Why you need to watch Seven Samurai

January 4, 2017 By Cameron Maitland Go Back

Being able to present movies from Janus Films and The Criterion Collection gives Hollywood Suite the chance to bring some of the most artistically and historically important films from around the world to Canada. These movies can sometimes seem a bit intimidating on paper but there’s a reason why they’re classics. We’re starting this week with Akira Kurosawa’s 1954 action epic Seven Samurai, and while its subtitles and runtime might make some people shy away, I’ve got five reasons Seven Samurai should excite any action movie fan.

It’s a story you may already know. Seven Samurai was most famously adapted in America as The Magnificent Seven, but the story of a small town desperately recruiting toughs to defend against an unbeatable foe works so well it has been rehashed many times throughout the years. It’s great to watch Seven Samurai and consider how the story has been adapted to ancient Rome, outer space and even some cute bugs.


It translates well. Subtitles can put any viewer at a distance, but you could get 90% Seven Samurai’s story without the subtitles (even if you don’t speak Japanese). Kurosawa was working from the traditions of Japanese theatre and the international language of silent film, so his actors play big and broad and you feel every emotion they put across through their body language. Toshiro Mifune is especially a fan favorite and his improvisations as a dirty, angry outsider went on to inspire such classic reluctant heroes as Han Solo and Wolverine.

Its epic scale makes it a deeper story. Three and a half hours is an intimidating length for a movie, but rest assured Kurosawa makes every minute count. There’s excitement and tension throughout, and the last third alone is basically an hour long action sequence. You’ll never find another action movie where you care so much about every death, or where every strategic win and unexpected loss hits so hard. The anonymous thugs and bystanders of other movies become fully realized characters, and Kurosawa is able to build an argument about cycles of violence while still providing a movie that’s full of exciting swordplay.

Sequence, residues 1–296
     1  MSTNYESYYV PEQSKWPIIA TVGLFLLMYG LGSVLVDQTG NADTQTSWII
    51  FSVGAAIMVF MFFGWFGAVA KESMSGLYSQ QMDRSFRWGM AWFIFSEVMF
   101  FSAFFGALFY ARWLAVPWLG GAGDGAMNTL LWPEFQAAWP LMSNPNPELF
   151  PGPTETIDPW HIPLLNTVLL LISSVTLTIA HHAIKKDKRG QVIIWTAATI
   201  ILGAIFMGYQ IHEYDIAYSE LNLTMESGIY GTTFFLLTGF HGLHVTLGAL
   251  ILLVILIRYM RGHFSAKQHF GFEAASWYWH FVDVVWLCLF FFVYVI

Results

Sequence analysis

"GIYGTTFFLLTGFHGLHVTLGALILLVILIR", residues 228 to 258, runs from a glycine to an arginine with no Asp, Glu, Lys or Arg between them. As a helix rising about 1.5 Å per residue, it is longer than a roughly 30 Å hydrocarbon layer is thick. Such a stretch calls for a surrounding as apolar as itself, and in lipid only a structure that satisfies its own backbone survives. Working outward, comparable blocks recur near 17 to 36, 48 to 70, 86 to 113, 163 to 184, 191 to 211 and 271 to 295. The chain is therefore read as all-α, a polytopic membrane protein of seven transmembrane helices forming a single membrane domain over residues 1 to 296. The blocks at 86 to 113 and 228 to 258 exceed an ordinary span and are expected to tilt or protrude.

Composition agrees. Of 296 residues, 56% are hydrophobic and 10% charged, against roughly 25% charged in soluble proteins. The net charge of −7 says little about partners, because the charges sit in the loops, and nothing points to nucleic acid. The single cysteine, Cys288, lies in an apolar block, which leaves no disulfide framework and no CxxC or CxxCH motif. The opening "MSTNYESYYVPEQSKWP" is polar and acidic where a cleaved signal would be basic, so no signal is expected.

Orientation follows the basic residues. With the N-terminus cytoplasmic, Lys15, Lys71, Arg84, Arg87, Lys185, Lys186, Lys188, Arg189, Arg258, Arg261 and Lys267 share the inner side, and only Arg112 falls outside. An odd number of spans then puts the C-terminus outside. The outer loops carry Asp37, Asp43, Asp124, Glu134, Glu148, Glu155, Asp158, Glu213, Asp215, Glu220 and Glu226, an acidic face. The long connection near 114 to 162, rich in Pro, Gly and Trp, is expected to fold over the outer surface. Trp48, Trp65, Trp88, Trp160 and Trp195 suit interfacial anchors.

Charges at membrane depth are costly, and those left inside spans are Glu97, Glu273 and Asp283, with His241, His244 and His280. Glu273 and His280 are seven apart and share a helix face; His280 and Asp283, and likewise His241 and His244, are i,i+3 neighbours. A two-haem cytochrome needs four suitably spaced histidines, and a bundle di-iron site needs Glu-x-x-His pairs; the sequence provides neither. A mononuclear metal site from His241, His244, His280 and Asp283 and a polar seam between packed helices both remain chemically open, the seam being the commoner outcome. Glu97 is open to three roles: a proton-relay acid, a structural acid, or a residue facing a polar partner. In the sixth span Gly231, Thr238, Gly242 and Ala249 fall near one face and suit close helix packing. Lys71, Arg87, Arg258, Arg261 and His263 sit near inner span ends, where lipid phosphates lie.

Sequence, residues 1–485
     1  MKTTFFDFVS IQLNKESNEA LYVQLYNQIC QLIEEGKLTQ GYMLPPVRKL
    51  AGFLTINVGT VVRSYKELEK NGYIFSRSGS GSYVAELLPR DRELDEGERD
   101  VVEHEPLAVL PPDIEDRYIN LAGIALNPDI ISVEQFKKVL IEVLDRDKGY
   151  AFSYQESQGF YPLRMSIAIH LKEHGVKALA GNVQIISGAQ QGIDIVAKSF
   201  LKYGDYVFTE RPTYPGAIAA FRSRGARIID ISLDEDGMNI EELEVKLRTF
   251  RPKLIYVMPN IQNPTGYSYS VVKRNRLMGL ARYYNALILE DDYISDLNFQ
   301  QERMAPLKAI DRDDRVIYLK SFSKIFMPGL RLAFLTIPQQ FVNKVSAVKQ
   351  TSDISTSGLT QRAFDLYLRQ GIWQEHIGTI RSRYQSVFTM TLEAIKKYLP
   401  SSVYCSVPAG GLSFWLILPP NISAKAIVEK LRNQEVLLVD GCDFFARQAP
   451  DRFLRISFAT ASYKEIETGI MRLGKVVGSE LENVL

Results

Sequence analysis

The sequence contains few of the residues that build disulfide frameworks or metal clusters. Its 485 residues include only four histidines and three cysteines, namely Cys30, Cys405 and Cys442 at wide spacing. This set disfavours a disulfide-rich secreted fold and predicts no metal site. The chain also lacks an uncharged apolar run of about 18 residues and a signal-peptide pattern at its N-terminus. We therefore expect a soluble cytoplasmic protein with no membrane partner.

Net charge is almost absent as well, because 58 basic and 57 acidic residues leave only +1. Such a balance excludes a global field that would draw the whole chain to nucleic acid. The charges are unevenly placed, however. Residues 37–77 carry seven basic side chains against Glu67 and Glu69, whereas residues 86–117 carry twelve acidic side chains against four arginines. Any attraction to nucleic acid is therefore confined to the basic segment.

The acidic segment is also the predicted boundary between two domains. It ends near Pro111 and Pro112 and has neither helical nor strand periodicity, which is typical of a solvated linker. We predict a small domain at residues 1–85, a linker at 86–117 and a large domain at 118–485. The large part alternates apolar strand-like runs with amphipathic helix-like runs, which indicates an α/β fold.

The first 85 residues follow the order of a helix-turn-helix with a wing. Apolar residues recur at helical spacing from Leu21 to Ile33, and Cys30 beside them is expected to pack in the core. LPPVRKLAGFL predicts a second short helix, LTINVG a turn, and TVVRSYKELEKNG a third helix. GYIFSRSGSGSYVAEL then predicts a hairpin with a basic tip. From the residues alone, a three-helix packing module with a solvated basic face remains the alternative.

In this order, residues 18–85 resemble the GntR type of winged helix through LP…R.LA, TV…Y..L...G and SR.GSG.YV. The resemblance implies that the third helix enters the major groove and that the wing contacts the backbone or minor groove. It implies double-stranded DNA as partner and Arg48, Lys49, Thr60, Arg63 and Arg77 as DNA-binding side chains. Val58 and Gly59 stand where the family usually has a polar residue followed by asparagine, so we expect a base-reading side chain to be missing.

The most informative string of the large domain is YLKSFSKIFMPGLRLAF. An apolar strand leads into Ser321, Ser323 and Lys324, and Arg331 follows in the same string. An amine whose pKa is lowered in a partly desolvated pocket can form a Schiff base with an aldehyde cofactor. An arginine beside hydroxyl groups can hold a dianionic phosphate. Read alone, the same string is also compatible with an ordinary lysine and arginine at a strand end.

It doesn’t fall for cliches, it invents them. Seven Samurai is often credited as being one of the first films where a ragtag group of outsiders comes together for a good cause. It also may be one of the first were a character is introduced in an action sequence unrelated to the main plot. Nowadays, those are staples of action franchises like James Bond and classic films like The Dirty Dozen and Oceans 11 but they’re here for the first time and presented in unexpected ways. Don’t think because you’re used to a wise old expert or wide-eyed youth in an action movie team you know who’ll make it out unscathed. Kurosawa may just surprise you.

It’ll make you realize how great action sequences can be. It doesn’t take an expert to see how amazing Kurosawa’s action sequences are, or how different they are from most modern filmmaking. Instead of relying on a lot of editing, Kurosawa choreographed long shots with cameras moving from close-ups to wide shots and let everything play out in real time. You feel the tension in your gut in a way that most action movies can’t match. Each of these sequences is an incredible technical achievement and this style isn’t often repeated in modern movies where editing and special effects can achieve a quicker, cheaper result.

Seven Samurai is a great introduction to just how engaging and exciting the challenging films of Janus Films and The Criterion Collection can be. I promise you won’t regret spending some time with the world’s best films.

Enjoy masterpieces from Janus Films and The Criterion Collection every Saturday on Hollywood Suite.

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